The U.S. Federal Bureau of Investigation (FBI) issued an industry-wide warning about possible attacks on exchanges and crypto holders this week. The institution declared that there are threats actively tracking virtual asset platforms in order to take hold of these assets, causing financial losses in the process. Sim swapping, account theft and tech support staff are the means to accomplish these attacks.
FBI Anticipates Cryptocurrency Attacks
The FBI issued a warning against upcoming attacks on cryptocurrency exchanges and holders last week. The warning was distributed using the TLP protocol, designed to distribute the desired information with certain groups. It received the Green designation, meaning the FBI allows peers and partner organizations in the crypto community to share this information.
The FBI states there are groups actively tracking vulnerabilities in these companies to take action. It explains these groups are using a group of techniques to achieve these means. These techniques include sim swapping, tech support fraud, and account stealing. The warning also details some recommendations for institutions to maintain their holdings safe: keeping watch on incoming mails and monitor accounts for unusual movements.
The FBI advises cryptocurrency holders to always use two-factor authentication and be aware of the information they share on social media. However, it is very difficult to prevent sim swap attacks.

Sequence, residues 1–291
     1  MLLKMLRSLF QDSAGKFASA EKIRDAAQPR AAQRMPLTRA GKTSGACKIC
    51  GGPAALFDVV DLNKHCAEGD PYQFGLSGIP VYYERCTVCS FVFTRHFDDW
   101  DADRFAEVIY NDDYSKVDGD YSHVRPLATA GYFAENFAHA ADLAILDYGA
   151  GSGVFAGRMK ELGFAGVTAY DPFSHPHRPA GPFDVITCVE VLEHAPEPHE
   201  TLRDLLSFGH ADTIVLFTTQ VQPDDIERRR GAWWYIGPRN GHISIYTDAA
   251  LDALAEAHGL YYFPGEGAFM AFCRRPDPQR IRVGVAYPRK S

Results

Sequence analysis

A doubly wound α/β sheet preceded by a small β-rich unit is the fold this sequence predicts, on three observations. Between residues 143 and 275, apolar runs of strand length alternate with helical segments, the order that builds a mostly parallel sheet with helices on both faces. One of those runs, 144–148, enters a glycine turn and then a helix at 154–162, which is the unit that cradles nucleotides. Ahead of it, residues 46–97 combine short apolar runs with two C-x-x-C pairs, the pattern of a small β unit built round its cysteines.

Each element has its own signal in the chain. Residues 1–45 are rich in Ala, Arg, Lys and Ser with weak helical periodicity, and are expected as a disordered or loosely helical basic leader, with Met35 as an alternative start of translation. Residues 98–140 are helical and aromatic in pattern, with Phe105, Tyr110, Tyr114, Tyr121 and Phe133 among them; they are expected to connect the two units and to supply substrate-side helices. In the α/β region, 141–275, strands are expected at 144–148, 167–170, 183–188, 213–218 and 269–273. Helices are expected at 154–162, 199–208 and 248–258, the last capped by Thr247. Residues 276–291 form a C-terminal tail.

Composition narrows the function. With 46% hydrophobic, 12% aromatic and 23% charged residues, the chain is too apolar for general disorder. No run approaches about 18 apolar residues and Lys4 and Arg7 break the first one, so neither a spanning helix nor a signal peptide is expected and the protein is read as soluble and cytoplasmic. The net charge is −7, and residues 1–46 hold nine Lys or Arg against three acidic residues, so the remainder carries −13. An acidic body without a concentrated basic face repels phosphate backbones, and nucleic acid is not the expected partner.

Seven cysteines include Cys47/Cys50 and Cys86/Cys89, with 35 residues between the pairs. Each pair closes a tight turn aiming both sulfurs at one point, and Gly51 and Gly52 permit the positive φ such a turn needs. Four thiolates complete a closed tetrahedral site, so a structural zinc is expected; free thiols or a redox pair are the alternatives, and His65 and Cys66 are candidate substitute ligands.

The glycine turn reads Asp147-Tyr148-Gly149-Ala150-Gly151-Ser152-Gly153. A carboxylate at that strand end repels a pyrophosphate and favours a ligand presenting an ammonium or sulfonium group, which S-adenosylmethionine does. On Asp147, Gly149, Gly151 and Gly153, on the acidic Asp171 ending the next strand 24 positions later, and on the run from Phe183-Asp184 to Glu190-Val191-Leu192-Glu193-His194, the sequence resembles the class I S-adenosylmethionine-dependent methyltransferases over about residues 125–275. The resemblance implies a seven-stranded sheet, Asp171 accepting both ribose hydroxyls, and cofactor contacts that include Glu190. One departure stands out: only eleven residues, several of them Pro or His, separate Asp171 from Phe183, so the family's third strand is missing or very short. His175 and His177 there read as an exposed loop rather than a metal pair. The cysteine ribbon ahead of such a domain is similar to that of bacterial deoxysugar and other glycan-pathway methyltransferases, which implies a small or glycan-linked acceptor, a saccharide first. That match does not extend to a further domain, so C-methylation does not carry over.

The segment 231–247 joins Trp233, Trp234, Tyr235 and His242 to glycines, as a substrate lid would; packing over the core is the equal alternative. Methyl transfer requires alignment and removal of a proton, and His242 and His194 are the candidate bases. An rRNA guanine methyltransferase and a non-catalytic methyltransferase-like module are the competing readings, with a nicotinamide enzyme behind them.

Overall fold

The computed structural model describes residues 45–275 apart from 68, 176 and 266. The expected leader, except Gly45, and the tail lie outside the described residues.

Sim swap attacks are difficult to tackle because they are relatively easy to complete. The attacker just needs to get hold of the telephone number of the potential victim. Then these attackers proceed in two different forms: the first one involves identity theft, with the attackers fooling tech reps into believing the affected person lost or damaged the sim card. This prompts them to issue a new sim card to the attacker.
The other vector involves insider contacts in a telephone carrier. The attacker leverages this contact to obtain a new sim with the number of the potential victim. This allows them to gain access from exchanges even if there is some kind of multi-factor authentication defense in place. The FBI has warned about these dangers before.
Some high-profile sim swapping cases have been in the public eye: Michael Terpin, a blockchain investor, sued AT&T for $200 million in damages for negligence after suffering a sin swap attack back in 2020. A judge ultimately dismissed the lawsuit, but it put sim swapping and cryptocurrencies in the public eye. Furthermore, Europol thwarted a sim swapping operation that had stolen more than $100 in cryptocurrencies last February.